It remains unclear why fat accumulates in the livers of some and not others, but previous studies suggest that organelles called mitochondria need to be present for new fat cells to grow. Anti-inflammatory drugs might boost the activity of mitochondria to promote the growth of healthier fat while also reducing the risk of developing diabetes.

Biological link between diabetes and heart disease found

Researchers from the UC Davis Health System have discovered a biological link between diabetes and heart disease, which may explain why diabetes sufferers have an increased risk for heart disease. This is according to a study published in the journal Nature.
The researchers found that when blood sugars are abnormally high (hyperglycemia), this activates a biological pathway that causes irregular heartbeats - a condition called cardiac arrhythmia - that is linked to heart failure and sudden cardiac death.
According to the World Heart Federation, people who suffer from diabetes are two to four times more likely to develop cardiovascular disease, compared with people who do not have diabetes.
The American Heart Association says that around 65% of diabetes sufferers die from heart disease or stroke, emphasizing the need for new research looking at links between the conditions.
For this study, UC Davis researchers, alongside collaborators at the Johns Hopkins University School of Medicine, conducted a series of experiments to determine any biological reasons as to why diabetes sufferers are at higher risk of cardiovascular disease.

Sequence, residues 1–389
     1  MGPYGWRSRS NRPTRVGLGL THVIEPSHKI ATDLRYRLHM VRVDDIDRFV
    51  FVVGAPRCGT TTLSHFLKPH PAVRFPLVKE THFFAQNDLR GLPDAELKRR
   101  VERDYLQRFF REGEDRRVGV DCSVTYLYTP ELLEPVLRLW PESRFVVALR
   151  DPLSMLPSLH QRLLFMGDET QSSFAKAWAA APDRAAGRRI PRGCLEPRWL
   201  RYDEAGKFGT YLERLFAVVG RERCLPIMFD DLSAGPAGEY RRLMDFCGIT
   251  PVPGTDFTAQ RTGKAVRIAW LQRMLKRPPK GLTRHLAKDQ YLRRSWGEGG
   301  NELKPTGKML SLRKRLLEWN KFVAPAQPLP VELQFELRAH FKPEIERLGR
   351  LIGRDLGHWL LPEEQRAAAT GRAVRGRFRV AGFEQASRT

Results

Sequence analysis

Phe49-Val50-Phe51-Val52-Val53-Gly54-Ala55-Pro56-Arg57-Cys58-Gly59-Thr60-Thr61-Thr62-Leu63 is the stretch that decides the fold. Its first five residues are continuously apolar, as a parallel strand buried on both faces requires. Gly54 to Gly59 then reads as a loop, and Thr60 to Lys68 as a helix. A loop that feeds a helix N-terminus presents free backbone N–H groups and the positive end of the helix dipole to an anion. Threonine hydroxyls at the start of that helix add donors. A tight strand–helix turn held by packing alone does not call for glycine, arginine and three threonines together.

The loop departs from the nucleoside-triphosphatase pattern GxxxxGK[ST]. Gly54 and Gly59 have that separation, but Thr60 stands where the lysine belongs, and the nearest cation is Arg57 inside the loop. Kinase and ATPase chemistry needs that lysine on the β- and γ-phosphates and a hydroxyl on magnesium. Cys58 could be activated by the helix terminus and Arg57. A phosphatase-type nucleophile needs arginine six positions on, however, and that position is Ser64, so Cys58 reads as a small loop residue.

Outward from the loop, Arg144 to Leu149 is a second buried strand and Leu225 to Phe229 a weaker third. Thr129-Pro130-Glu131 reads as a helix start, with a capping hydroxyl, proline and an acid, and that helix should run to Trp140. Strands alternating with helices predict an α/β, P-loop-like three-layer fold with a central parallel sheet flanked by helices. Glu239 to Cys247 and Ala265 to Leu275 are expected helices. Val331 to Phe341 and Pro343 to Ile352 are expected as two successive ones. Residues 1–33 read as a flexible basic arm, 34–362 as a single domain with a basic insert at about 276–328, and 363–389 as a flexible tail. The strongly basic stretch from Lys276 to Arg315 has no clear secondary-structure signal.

O-GlcNAc-modified CaMKII a trigger of arrhythmias

The experiments involved detailed molecular analysis in rat and human proteins and tissues, calcium imaging in isolated rat cardiac myocytes (cells found in muscle tissues) that were exposed to high glucose, as well looking at whole heart arrhythmias with optical mapping within isolated hearts and live diabetic rates.

Their findings showed that moderate to high blood glucose levels, similar to those found in diabetics, triggered a sugar molecule called O-GlcNAc (O-linked N-acetylglucosamine) in heart muscle cells to bind to a specific site on a protein called CaMKII (calcium/calmodulin-dependent protein kinase II).
According to the researchers, CaMKII plays an important part in regulating normal calcium levels, electrical activity and the pumping action of the heart.
But they found its interaction with O-GlcNAc caused CaMKII to overactivate, causing pathological changes in the calcium signaling system it controls. This action triggered fully active arrhythmias within minutes.
However, the researchers say the arrhythmias were prevented by inhibiting CaMKII and its binding to O-GlcNAc.
An additional experiment, which involved analyzing the hearts and brains of deceased humans who had diabetes, revealed high levels of O-GlcNAc-modified CaMKII. The highest levels were found in patients who suffered from both heart failure and diabetes.
"Since O-GlcNAc is directly made from glucose and serves as a major nutrient sensor in regulating most cellular processes, it is perhaps not surprising that attachment of this sugar to proteins is emerging as a major molecular mechanism of glucose toxicity in diabetes," says Gerald Hart, DeLamar professor and director of biological chemistry at Johns Hopkins University School of Medicine, and study author.
"However, this represents the most clear-cut mechanistic study to date of how high glucose can directly affect the function of a critical regulatory protein."

Findings will 'undoubtedly' lead to new treatments

Prof. Hart notes that these findings will undoubtedly lead to development of treatments for diabetic cardiovascular disease and potential therapeutics for glucose toxicity in other tissues affected by diabetes, such as the nervous system, the kidney and the retina.
Donald Bers, chair of the Department of Pharmacology at UC Davis and senior study author, says:
"The novel molecular understanding we have uncovered paves the way for new therapeutic strategies that protect the heart health of patients with diabetes.